Many employers are finding that the CVs of millennials are beginning to lack traditional university and college credentials with increasing frequency, writes a Financial Post contributor. For this reason, the contributor adds that employers should be “open-minded when [they] review millennial resumés.” Managers and HR personnel should move beyond the mindset that lacking a university education should disqualify an otherwise capable job applicant. The article concludes that companies will have to give each candidate thoughtful consideration and retool their interview questions to ensure that hiring practices remain current with the changing makeup of today’s job applicants. Financial Post

Outsourcing on US campuses may save money, but can bring challenges

After outsourcing its maintenance and landscaping to a private company, Texas A&M University says its on track to save $363 M over the next ten years. This potential for significant savings has enticed many institutions to consider outsourcing; it can even help them focus on education instead of running a business. However, as Chronicle contributor Colleen Murphy notes, it may come at a cost: faculty buy-in may be hard to obtain, and the promised cost savings may not ultimately materialize. Murphy explores Tennessee’s recent call for outsource providers and the possible implications for institutions in that state. Chronicle of Higher Education (Subscription Required)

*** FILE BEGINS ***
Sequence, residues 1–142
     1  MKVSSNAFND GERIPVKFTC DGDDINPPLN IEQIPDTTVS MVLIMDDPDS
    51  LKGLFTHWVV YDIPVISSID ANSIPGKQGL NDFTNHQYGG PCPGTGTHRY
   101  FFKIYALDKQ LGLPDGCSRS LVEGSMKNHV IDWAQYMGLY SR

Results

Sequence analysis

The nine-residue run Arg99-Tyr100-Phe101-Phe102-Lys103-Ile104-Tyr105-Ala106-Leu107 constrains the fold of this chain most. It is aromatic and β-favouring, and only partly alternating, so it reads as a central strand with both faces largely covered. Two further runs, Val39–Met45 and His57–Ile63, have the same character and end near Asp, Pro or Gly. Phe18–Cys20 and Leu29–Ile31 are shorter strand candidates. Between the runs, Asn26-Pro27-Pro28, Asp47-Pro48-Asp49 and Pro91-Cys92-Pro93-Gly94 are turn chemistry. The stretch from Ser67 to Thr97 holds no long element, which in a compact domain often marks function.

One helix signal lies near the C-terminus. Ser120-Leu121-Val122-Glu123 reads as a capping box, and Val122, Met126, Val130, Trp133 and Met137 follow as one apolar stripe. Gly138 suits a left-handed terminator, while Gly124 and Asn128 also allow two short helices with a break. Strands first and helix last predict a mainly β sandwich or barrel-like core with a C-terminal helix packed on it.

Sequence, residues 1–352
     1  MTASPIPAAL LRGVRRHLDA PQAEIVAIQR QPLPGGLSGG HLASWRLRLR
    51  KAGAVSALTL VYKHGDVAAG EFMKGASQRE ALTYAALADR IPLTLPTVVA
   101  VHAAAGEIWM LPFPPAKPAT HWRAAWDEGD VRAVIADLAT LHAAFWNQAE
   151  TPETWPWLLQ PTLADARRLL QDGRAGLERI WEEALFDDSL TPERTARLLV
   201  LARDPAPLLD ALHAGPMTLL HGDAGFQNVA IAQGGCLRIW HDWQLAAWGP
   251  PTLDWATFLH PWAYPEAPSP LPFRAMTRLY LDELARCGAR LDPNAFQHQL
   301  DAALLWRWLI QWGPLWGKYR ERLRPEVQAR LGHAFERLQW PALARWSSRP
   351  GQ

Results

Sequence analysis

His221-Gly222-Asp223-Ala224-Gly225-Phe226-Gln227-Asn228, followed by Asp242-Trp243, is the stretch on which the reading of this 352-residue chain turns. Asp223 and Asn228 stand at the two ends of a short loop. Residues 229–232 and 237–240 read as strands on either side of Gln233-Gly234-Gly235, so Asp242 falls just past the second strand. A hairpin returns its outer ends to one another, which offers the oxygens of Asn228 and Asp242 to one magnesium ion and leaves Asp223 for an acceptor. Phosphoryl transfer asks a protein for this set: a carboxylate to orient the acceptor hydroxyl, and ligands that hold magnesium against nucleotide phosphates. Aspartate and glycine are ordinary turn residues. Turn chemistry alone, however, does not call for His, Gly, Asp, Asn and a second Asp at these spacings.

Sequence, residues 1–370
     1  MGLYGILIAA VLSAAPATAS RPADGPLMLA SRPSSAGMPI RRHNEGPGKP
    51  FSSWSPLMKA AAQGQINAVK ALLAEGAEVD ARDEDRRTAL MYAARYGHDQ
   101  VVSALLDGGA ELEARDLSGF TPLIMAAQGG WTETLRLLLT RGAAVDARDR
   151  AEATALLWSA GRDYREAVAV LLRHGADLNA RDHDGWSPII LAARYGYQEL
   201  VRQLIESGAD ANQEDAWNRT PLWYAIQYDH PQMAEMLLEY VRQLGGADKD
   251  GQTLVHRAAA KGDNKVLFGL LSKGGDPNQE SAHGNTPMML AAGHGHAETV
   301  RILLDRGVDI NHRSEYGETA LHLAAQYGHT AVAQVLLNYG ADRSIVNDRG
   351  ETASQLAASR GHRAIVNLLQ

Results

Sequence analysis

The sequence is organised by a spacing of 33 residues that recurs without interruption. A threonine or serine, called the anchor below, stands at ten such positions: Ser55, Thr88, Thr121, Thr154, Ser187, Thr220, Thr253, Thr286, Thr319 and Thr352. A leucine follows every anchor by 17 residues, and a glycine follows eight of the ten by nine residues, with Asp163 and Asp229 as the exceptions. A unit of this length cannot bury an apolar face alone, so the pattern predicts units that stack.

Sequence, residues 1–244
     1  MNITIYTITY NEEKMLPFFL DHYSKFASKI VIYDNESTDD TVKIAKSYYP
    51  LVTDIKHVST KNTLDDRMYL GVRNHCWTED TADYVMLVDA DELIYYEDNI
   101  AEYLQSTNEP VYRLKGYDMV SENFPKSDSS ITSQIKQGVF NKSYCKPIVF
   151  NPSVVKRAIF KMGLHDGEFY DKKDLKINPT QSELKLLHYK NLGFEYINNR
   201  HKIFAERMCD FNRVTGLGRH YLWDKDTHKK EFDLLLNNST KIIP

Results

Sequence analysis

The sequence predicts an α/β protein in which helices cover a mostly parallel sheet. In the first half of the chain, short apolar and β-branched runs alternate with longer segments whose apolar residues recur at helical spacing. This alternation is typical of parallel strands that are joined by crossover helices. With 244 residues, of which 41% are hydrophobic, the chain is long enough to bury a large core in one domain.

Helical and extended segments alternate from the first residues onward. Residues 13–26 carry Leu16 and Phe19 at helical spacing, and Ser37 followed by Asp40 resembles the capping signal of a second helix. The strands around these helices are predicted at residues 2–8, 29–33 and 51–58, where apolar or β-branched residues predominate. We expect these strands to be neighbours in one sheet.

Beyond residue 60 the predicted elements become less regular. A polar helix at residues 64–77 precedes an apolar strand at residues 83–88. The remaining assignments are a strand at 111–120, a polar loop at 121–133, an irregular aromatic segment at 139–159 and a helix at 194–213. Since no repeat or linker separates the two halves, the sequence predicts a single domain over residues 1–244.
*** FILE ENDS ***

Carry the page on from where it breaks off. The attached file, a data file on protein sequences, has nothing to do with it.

Many authors not meeting criteria for scholarly credit

“If you are reading a research paper, and scan the authors […] do you know who played a meaningful role in the work?,” asks Inside Higher Ed contributor Scott Jaschik. According to research released last Saturday at the annual meeting of the American Sociological Association, a growing number of authors listed on academic articles do not meet the criteria for scholarly authorship. 33% of those deemed “guest authors” did not meet such criteria. The researchers added that these findings hold significant implications for higher education, as academic merit is heavily focused upon an individual’s number of publications and citations. The researchers also noted that criteria for scholarly authorship can vary greatly by discipline, making it even more difficult to accurately measure academic merit through publication records. Inside Higher Ed